Boo, Mateys!

We were thrilled that this year, it was back in full force. We enthusiastically bought our tickets months ago for the annual event. No, not this one. THIS one. (What? Did you think we might actually have adult lives?!?)

Boo in the Zoo is held every year as THE Halloween event for kids under the age of 6. Trick-or-treating is not so popular around these parts. In Nawlins, no one gets out of bed unless the day is brimming with opportunities for live music and good food. Dressing up is always a plus. We donned the gear. All four of us, pirates. I’ve been working on Will’s costume off and on for months. Not that he is actually wearing what I’ve been working on (except for the loot bag); I did want him to look presentable. Will began the evening sporting an eye patch and earring, but after 5 minutes of pulling them on and off, requested the neon shades. Arg, that’s a bright sun, Matey. Paul and I wore “Keep to the Code” pirate tees, black jeans, and long red sashes. Will had a fantastic vest (with some specially-added dohickeys) and knickers with a tee-shirt that said “Natutical Acquisition and Redistribution Specialist” and Kate’s laid it on the line with “Yo Ho Ho and a Bottle of Milk.” We all wore pirate-themed do-rags. We looked good, even if we looked a bit more like bikers than sailors.

My parents came in from Mobile for the event. We scored extra tickets during the week (it had been sold out for over a month) and met up with Aya (who had a fantastic pink spider costume) and her parents at the gate. The costumes on the other 3000+ people (who, like us, had restricted VIP 5pm early admission) were fantastic. NOLA is a city serious about costuming, whoa. (Did I mention that there were a ton of people??) We hung around people-watching, knocked down some hot-dogs to prevent the kids from diving head-first into other people’s candy, and picked up freebies for the first part of the evening. Then we handed Baby Kate off to her grandparents and headed down with Aya and her family to the Ghost Train. Being the four capable and responsible parents we are, we DID briefly stop at the sign reading “May be scary for children under 8,” but determined that we were so good at parenting that our kids would not have enough material for therapy later in life. So we pressed on. Who knew that 15-year olds giggling in poorly ventilated monster masks dancing to “Thriller” would be terrifying to preschoolers?? Despite our honest appraisals (e.g. “Aren’t they being silly!” “He’s chasing us with that chainsaw to get our attention.” “Interesting casting choice to use the African-American actor as the one hung in the tree.”) the kids clung to us, shaking like little leaves. We adults did have a heart-stopping moment of fear when Paul mentioned that he’d heard the ride ended with a sighting of Ray Nagin… gasp!… but the ride didn’t produce our imaginary Mayor.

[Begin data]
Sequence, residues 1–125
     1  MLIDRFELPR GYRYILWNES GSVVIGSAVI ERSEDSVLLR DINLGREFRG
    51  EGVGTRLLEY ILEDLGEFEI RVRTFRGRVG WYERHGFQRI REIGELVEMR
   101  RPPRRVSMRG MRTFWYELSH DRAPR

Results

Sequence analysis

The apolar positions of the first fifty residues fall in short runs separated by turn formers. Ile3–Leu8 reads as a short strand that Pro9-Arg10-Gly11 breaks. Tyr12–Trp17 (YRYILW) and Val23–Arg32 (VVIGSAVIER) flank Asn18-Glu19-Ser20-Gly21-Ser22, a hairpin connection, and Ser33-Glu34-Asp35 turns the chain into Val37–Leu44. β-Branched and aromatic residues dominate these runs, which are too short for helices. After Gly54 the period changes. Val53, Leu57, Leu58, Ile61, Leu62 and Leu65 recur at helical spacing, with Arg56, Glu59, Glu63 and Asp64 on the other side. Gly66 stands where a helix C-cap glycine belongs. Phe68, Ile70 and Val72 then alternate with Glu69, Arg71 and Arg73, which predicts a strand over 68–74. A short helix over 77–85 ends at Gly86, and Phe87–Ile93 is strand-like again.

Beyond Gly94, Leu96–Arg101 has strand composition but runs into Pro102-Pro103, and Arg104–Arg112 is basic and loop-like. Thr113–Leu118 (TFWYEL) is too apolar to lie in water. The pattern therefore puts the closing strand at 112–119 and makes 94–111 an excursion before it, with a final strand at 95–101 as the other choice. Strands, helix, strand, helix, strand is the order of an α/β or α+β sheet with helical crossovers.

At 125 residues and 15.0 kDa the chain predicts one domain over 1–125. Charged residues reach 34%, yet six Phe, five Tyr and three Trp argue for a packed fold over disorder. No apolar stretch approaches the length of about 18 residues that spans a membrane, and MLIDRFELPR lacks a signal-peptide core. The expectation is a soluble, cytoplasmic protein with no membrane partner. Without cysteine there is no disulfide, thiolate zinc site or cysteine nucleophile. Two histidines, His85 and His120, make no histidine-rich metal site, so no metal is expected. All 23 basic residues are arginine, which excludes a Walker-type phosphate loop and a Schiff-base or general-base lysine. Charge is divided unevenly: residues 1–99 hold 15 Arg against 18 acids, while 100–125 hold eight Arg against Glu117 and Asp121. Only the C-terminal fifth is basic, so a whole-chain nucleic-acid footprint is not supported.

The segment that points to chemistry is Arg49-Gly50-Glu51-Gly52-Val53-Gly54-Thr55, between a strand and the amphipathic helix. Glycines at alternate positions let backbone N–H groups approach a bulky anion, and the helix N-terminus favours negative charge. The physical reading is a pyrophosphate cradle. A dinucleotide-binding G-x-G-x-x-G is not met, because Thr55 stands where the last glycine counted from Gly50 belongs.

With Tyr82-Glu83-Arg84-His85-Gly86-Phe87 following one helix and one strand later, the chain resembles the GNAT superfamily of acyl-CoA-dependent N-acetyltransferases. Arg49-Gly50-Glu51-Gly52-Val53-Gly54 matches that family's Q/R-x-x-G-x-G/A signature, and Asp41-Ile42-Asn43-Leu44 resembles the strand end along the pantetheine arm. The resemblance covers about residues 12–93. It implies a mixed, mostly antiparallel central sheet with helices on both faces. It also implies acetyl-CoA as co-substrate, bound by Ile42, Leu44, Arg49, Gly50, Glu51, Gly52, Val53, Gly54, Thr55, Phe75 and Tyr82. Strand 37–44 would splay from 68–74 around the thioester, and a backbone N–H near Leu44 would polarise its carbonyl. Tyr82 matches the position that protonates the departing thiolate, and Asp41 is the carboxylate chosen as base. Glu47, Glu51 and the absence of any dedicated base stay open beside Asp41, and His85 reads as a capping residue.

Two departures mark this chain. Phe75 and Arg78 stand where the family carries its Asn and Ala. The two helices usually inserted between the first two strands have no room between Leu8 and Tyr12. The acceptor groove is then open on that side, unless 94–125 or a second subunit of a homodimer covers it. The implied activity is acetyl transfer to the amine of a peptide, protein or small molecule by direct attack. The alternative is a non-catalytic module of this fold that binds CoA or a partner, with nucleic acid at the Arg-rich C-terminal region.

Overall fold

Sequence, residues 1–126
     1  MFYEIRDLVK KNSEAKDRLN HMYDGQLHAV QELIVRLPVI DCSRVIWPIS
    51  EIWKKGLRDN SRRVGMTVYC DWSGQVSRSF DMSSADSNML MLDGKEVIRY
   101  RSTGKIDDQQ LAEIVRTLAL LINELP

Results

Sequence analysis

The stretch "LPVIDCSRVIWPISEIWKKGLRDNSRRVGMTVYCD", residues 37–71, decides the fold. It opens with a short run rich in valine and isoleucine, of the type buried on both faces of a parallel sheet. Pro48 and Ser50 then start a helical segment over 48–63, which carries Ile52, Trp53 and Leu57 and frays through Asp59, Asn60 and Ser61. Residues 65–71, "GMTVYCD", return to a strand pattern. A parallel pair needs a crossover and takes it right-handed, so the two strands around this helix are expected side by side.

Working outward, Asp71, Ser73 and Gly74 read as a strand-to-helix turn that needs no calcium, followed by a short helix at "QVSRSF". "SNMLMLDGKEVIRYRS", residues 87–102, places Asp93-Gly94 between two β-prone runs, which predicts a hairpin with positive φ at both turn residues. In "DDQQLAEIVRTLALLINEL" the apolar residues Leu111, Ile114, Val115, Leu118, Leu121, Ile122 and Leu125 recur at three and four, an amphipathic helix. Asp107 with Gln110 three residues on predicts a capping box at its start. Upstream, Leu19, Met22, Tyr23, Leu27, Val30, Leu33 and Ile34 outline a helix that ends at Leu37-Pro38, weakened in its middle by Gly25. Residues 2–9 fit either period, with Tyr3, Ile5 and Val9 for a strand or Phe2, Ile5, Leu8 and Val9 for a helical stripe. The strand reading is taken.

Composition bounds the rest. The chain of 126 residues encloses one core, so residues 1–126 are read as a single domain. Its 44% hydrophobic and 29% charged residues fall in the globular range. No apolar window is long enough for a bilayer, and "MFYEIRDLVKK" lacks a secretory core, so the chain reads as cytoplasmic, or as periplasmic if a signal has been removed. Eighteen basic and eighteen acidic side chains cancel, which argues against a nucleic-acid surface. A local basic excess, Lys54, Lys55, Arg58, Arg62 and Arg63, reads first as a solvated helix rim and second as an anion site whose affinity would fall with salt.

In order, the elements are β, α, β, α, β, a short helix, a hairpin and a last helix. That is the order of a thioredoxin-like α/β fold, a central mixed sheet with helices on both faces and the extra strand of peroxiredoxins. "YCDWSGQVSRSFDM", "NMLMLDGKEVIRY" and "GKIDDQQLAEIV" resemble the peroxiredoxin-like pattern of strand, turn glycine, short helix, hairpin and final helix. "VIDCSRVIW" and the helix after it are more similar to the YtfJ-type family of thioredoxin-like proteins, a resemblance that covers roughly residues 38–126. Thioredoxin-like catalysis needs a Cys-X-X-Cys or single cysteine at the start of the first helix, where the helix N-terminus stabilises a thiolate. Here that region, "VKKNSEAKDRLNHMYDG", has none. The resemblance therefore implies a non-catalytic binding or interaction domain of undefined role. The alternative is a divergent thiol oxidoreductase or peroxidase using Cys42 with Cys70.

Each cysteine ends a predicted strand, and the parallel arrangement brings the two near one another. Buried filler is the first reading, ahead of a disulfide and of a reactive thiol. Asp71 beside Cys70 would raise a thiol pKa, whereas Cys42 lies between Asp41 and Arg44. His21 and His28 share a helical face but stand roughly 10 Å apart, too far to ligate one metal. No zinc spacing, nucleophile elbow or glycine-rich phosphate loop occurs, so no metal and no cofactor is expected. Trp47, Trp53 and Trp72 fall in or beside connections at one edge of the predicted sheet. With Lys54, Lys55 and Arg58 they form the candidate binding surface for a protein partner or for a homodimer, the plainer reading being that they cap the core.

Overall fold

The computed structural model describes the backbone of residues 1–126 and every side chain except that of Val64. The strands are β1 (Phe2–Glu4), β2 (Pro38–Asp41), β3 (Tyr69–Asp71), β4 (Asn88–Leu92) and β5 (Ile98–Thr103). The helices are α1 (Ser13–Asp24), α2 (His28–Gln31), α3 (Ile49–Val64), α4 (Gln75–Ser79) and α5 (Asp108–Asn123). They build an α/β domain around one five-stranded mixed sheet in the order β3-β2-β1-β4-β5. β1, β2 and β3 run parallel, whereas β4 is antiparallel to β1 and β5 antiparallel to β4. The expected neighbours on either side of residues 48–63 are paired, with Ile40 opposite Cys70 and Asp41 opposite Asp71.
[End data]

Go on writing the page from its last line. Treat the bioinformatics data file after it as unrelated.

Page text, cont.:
Nighttime fell while we were walking through the “non-scary” haunted house (read: lights on and all the actors saying “Happy Halloween” to the kids) and waiting in the line to go trick-or-treating. As the sun went down, the crowd grew to approximately twice the current city population. Grooving to the tunes, kids tightly in hand, we retreated to the toddler area. (The kids were all very well behaved. I think they instinctively knew that with that many people, in that many costumes, under the veil of night, it would have been very easy for us to have swapped for another model.)Safely in a contained spot, Aya and Will ran around while we held their place in line for the moonbounce. Granna and PapPap hung out with Baby Kate, who spent the entire night totally chill. That is one awesome baby.
After her active night of being awake, calm and completely wonderful, Kate fell asleep in the car ride home and stayed asleep long enough for us to get dinner at Whole Foods, eat it, and get everything set up for bathtime. What a champ!